My understanding of you problem is that you do need to identify very similar records which are potentially duplicated.
I would solve this in the database itself. No need to do programming. If you don't have the Levenshtein function available in your DB you may want to create a User Defined Function.

Here is an example for MySQL:

```
CREATE FUNCTION `levenshtein`(s1 VARCHAR(255), s2 VARCHAR(255)) RETURNS int(11) DETERMINISTIC
BEGIN
DECLARE s1_len, s2_len, i, j, c, c_temp, cost INT;
DECLARE s1_char CHAR; DECLARE cv0, cv1 VARBINARY(256);
SET s1_len = CHAR_LENGTH(s1), s2_len = CHAR_LENGTH(s2), cv1 = 0x00, j = 1, i = 1, c = 0;
IF s1 = s2 THEN
RETURN 0;
ELSEIF s1_len = 0 THEN
RETURN s2_len;
ELSEIF s2_len = 0 THEN
RETURN s1_len;
ELSE
WHILE j <= s2_len DO
SET cv1 = CONCAT(cv1, UNHEX(HEX(j))), j = j + 1;
END WHILE;
WHILE i <= s1_len DO
SET s1_char = SUBSTRING(s1, i, 1), c = i, cv0 = UNHEX(HEX(i)), j = 1;
WHILE j <= s2_len DO
SET c = c + 1;
IF s1_char = SUBSTRING(s2, j, 1) THEN
SET cost = 0;
ELSE
SET cost = 1;
END IF;
SET c_temp = CONV(HEX(SUBSTRING(cv1, j, 1)), 16, 10) + cost;
IF c > c_temp THEN
SET c = c_temp;
END IF;
SET c_temp = CONV(HEX(SUBSTRING(cv1, j+1, 1)), 16, 10) + 1;
IF c > c_temp THEN
SET c = c_temp;
END IF;
SET cv0 = CONCAT(cv0, UNHEX(HEX(c))), j = j + 1;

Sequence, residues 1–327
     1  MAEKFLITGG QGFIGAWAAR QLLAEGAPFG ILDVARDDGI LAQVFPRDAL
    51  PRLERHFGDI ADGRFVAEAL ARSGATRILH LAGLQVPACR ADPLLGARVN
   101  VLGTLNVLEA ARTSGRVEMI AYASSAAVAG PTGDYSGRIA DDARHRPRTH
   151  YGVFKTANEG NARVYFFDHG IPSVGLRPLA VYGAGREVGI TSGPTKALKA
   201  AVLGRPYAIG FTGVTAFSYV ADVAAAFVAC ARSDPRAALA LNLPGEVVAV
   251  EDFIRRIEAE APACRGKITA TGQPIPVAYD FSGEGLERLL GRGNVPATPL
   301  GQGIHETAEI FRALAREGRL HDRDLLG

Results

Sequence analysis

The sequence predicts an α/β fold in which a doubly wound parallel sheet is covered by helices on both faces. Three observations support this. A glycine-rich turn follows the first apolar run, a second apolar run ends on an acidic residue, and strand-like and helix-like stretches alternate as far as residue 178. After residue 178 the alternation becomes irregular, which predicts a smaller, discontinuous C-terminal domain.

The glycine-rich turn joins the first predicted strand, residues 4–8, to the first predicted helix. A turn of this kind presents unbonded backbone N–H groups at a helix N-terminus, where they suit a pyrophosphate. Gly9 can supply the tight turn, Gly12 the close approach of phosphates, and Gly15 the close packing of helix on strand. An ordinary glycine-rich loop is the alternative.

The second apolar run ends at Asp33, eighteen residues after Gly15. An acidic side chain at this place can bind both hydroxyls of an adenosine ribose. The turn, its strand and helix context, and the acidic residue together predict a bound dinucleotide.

END WHILE;
SET cv1 = cv0, i = i + 1;
END WHILE;
END IF;
RETURN c;
END
```

Then you do need to compare all of your records to each other. This requires a self full join, which of course can be a bit heavy. If too heavy, you will need to go the Python way, which will allow you to avoid repetitions (compare various times the same records).

Here is what I would do. Note that I would rather use an ID for easier identification:

```
SELECT a.ID AS IDa,
b.ID AS IDb,
a.Author AS AuthorA,
b.Author AS AuthorB,
ap.levenshtein(a.Author, b.Author) AS Lev_Aut,
a.Title AS TitleA, b.Title AS TitleB, ap.levenshtein(a.Title, b.Title) AS Lev_Title,
a.Journal AS JounalA , b.Journal AS JournalB, ap.levenshtein(a.Journal, b.Journal) AS Lev_Journal,
ap.levenshtein(a.Author, b.Author) + ap.levenshtein(a.Title, b.Title) + ap.levenshtein(a.Journal, b.Journal) AS Composite
FROM test.zzz AS a, test.zzz AS b
WHERE a.ID != b.ID
ORDER BY 8;
```

Would return a list of Levenshtein values ordered from the best match to the worst (the composite column). The condition avoids a record to be compared to itself.

`levenshtein()`

function, for example PostgreSQL fuzzystrmatch module – mvp Jun 9 '13 at 9:06